'Great event' lined up for Sunday night with annual Geminid meteor shower
Published Friday, December 11, 2020 8:55PM CST
FILE - A large meteor streaks across the sky during the annual Geminid meteor shower over Springville, Ala., Thursday night Dec. 13, 2012. (AP / AL.com, Mark Almond)
WINNIPEG -- Manitobans getting too much screen time at home can catch a different kind of show this weekend, the annual Geminid meteor shower.
This year, the Geminids will peak on Sunday night and into the morning.
This December meteor shower happens every year as the Earth passes through a trail of debris left from an asteroid called 3200 Phaethon that also orbits the sun.
When this debris collides with Earth’s atmosphere, people can usually see around 100 shooting stars per hour without any specialized equipment.
But this year, Manitobans can expect to see more shooting stars than last year since the forecast calls for a clear sky and the moon won’t be bright.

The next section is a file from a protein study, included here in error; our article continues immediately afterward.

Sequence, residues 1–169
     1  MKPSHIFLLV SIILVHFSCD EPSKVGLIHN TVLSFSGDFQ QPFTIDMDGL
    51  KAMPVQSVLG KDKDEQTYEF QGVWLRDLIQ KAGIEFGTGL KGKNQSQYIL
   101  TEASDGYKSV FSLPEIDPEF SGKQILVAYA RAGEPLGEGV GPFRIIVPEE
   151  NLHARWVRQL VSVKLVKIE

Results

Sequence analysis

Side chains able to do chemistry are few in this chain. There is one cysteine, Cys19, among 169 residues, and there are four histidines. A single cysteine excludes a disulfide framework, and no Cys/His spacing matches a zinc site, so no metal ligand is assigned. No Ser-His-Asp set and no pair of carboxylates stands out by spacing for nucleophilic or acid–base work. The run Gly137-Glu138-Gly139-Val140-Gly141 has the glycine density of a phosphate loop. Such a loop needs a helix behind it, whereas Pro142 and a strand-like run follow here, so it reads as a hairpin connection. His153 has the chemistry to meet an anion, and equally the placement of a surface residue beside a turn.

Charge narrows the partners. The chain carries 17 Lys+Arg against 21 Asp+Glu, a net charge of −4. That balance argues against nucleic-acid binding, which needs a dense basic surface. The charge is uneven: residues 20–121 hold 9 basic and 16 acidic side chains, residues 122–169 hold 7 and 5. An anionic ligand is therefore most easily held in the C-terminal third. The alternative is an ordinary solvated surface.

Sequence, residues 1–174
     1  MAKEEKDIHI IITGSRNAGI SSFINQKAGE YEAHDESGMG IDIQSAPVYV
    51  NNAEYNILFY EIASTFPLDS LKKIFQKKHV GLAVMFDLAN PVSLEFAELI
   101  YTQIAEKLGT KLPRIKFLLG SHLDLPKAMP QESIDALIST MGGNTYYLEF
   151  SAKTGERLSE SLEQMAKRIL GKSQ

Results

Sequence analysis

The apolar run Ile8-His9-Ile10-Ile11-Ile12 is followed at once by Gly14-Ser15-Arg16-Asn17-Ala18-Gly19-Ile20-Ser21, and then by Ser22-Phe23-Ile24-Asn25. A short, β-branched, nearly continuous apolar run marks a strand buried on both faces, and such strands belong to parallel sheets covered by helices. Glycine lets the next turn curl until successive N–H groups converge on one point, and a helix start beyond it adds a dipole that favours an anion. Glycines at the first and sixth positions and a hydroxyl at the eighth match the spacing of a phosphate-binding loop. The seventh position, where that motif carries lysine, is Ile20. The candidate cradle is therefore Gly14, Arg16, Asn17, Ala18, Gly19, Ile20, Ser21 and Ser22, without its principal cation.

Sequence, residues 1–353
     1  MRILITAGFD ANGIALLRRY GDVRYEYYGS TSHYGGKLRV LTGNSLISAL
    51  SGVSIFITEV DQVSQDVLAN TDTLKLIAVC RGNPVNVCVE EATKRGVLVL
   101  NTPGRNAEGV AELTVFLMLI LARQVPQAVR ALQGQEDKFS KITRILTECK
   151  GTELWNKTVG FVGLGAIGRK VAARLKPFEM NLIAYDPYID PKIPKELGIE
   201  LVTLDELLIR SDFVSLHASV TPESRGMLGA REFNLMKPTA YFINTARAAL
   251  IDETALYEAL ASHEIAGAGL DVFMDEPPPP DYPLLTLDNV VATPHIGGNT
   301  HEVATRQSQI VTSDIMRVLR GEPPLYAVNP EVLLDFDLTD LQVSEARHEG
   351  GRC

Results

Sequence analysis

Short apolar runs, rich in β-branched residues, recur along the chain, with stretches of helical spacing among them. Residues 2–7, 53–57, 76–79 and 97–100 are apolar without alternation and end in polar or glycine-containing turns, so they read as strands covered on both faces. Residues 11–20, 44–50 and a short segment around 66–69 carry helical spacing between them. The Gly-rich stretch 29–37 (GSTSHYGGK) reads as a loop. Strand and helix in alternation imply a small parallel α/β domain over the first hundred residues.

“It’s going to be a great event. I’m really looking forward to it,” said Scott Young, the Manitoba Museum’s Planetarium astronomer.
“Unlike most meteor showers, which are best in the pre-dawn hours, this one starts as soon as it gets dark and builds up over the course of the evening. So, it’s a great one to go out and see,” he said.
Young says the best way to see the most shooting stars is to find a dark place without too many lights, like outside the city, where he plans on heading.
“If you’re in a darker location, you’ll probably see more of them just because the fainter ones will be visible,” said Young. “If you’re inside the city or you have too many lights around you, that’ll cut down on the number that you see.”
“They will just arc across the sky, and they can appear anywhere in the sky. So pretty much anyone that can see a clear, starry sky can see these things,” he said.
Young also reminded Manitobans to watch for northern lights, even though the solar flare that happened earlier this week isn’t expected to yield any aurora borealis.
“Northern lights forecasting is pretty rudimentary in some ways, and so they can pop up anytime,” said Young. “Anytime you’re looking at the sky, it’s always worth taking a glance towards the north and seeing if there’s any of those green curtains starting to form because they can come out of nowhere, be visible and amazing and then disappear just as quickly.”